Take the 2-minute tour ×
Stack Overflow is a question and answer site for professional and enthusiast programmers. It's 100% free, no registration required.

I am trying to get started with Google Go and the documentation at http://golang.org is very good. What I did not find in the documentation is the difference between functions and methods. I was googling, but I did not find a brief explanation what the difference is.

As far as I understand at the moment: functions are "global", which means I do not have to import a package to use functions, they are always there. Methods are bound to packages. Is this correct?

share|improve this question
add comment

1 Answer 1

up vote 12 down vote accepted

As far as I understand at the moment: functions are "global", which means I do not have to import a package to use functions, they are always there. Methods are bound to packages. Is this correct?

No, that's not correct. There are just a couple of functions from the builtin package which are always available. Everything else needs to be imported.

The term "method" came up with object-oriented programming. In an OOP language (like C++ for example) you can define a "class" which encapsulates data and functions which belong together. Those functions inside a class are called "methods" and you need an instance of that class to call such a method.

In Go, the terminology is basically the same, although Go isn't an OOP language in the classical meaning. In Go, a function which takes a receiver is usually called a method (probably just because people are still used to the terminology of OOP).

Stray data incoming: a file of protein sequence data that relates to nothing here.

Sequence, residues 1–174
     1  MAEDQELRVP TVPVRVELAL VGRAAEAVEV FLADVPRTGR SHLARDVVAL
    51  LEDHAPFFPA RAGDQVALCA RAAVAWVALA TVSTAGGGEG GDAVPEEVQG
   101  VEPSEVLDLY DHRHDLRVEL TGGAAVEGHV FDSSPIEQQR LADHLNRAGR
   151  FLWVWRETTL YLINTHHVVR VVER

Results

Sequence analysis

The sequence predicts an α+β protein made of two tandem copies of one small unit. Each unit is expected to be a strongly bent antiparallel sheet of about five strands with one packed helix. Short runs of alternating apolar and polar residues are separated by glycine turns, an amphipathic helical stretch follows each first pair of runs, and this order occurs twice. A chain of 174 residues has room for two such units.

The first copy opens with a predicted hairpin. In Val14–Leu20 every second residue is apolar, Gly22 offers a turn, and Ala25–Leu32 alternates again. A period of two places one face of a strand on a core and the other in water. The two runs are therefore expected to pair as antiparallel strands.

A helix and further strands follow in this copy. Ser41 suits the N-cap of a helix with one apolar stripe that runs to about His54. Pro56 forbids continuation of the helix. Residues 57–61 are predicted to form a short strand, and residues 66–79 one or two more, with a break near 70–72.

So, for example:

func MyFunction(a, b int) int {
  return a + b
}
// Usage:
// MyFunction(1, 2)

but

type MyInteger int
func (a MyInteger) MyMethod(b int) int {
  return a + b
}
// Usage:
// var x MyInteger = 1
// x.MyMethod(2)
share|improve this answer
1  
I wouldn't say that "Go isn't an OOP language". Go IMHO just favors composition over inheritance so much that it provides extra syntatic sugar for the former and has gotten rid of the latter completely. –  Tobias Nov 25 '11 at 21:39
1  
I'm not sure about that. Imho, part of the OOP paradigm is also subclassing + type hierarchies. That's just not possible with Go (luckily!). Sure, Go provides other ways (i.e. embedding) to solve similar problems, but they are no 1:1 replacement. But let's stop the terminology-bikeshedding :D –  tux21b Nov 25 '11 at 22:52
1  
Thanks, I finally got it! A missing piece was, that methods are always used in conjunction with a type. –  Dominik Obermaier Nov 29 '11 at 12:12
    
@tux21b thank you for the examples. One problem, your method contains an invalid operation: a + b (mismatched types MyInteger and int). In order for this to work you would need to cast either a to be an int or b to be a MyInteger. For example: return int(a) + b or return a + MyInteger(b). In the second case, you would need to change the return value type in the method signature to be MyInteger instead of int. playground –  SunSparc Feb 11 at 21:38
add comment

Your Answer

 
discard

By posting your answer, you agree to the privacy policy and terms of service.

Not the answer you're looking for? Browse other questions tagged or ask your own question.